My husband is HIV negative, and has been for the last 18 years. We made our son the old fashioned way -- with pure love. My desire to parent at 33 years old was overshadowed by my diagnosis. I AM a woman living with AIDS.
Being the only positive person in my house has its drawbacks, but they are nothing compared to all the love and support received from family and friends.
The hardest part of my pregnancy wasn't carrying my baby or watching my body swell to accommodate this precious life growing inside of me. The hardest part of the pregnancy was the stigma and discrimination we felt as a family seeking medical care to ensure the health of our unborn child.
We encountered five doctors in search of quality prenatal care. What was supposed to be a joyful time in our lives turned into a search for caring and compassionate medical staff that would support our decision to have a baby. I can still hear the words the last physician said to my husband: "Why would you want to bring a baby into this world to die a painful death?" We were devastated and defeated.
Finally, after sitting in front of four different doctors, we found a team of docs that supported us from 10 weeks of pregnancy until today. We became a part of the ACTG 076 perinatal study. In 1995, my son was born and given AZT for the first six weeks of his life. We held our breath as we waited for word from the CDC as to his HIV status, got the news that his first PCR test was inconclusive, and finally received the letter stating he was HIV negative.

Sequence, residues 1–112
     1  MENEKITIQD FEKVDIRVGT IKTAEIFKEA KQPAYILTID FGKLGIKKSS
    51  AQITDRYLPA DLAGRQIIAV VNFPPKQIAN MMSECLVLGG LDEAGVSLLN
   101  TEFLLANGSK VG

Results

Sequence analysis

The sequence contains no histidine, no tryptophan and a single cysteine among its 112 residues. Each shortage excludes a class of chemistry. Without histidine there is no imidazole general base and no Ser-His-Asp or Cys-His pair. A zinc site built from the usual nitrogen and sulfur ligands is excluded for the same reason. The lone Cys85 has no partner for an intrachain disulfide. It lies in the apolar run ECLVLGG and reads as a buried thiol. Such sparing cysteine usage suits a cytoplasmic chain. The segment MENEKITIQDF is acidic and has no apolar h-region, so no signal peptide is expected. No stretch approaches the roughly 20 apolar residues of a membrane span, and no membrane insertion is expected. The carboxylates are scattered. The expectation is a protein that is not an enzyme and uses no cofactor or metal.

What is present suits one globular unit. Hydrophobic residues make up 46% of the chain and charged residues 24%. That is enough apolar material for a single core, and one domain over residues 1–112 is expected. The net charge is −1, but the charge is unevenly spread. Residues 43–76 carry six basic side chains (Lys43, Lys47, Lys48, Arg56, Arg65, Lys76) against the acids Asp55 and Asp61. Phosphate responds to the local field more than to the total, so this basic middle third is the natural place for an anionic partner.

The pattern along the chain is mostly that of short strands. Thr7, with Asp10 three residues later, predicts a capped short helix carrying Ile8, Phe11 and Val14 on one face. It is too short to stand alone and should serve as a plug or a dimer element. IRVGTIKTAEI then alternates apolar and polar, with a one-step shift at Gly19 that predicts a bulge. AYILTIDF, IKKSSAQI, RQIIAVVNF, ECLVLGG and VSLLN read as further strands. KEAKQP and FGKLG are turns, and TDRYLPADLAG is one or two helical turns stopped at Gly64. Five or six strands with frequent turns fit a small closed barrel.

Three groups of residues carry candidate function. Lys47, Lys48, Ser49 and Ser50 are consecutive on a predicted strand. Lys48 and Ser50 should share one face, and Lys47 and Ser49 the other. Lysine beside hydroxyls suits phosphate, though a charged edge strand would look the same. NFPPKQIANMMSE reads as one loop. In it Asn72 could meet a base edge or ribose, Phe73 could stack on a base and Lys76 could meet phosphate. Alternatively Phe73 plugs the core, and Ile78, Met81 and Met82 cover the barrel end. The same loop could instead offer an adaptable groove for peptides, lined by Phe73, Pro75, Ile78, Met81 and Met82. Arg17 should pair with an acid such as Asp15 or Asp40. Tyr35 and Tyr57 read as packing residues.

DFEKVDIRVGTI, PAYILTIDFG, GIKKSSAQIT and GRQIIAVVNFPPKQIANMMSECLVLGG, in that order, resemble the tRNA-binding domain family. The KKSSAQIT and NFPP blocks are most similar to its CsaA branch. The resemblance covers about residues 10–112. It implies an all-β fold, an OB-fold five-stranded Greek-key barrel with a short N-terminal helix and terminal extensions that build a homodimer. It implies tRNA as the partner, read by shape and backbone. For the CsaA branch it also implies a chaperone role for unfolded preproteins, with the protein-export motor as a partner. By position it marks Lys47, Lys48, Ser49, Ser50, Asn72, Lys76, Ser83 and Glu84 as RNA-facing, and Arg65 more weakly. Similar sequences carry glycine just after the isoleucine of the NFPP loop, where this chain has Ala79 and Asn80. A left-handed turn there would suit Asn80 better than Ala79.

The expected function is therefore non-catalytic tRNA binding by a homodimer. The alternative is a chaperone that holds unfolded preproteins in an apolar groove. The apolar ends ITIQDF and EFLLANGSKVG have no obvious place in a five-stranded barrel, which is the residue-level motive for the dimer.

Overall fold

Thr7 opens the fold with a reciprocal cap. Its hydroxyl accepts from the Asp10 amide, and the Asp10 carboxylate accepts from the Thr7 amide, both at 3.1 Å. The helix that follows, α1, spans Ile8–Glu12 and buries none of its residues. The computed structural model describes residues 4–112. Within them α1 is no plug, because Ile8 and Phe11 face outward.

Teaching my mother-in-law and other family members how to administer the daily dosage of AZT only brought home the reality of my own HIV status. It was during the pregnancy that the AIDS diagnosis was given by my doctor. Every day I spent praying to the GOD of my understanding to please let me stay healthy enough to enjoy his first year of life.
One year turned into two, two into five and five into 10. Today I am living with AIDS. I have had some really bad days along the way; but the joy is in my son's beautiful smiling face that gives me the courage to continue to fight every day.
So here we are, 17 years later. My husband and son remain negative and I continue to advocate for women like myself to be present and accounted for every day.